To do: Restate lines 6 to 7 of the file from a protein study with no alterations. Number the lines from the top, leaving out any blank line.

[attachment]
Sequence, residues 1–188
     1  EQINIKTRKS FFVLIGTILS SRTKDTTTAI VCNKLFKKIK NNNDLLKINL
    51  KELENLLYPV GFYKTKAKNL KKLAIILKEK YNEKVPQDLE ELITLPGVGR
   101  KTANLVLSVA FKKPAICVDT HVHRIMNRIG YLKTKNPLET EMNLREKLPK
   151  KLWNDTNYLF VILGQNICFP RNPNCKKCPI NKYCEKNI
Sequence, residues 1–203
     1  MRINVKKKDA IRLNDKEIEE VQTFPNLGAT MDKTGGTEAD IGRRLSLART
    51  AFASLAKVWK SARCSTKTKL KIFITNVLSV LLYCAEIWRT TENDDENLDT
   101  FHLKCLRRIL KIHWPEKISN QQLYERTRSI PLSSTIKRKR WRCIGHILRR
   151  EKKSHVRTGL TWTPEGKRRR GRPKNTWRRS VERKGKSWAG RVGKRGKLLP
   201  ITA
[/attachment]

Sequence, residues 1–203
     1  MRINVKKKDA IRLNDKEIEE VQTFPNLGAT MDKTGGTEAD IGRRLSLART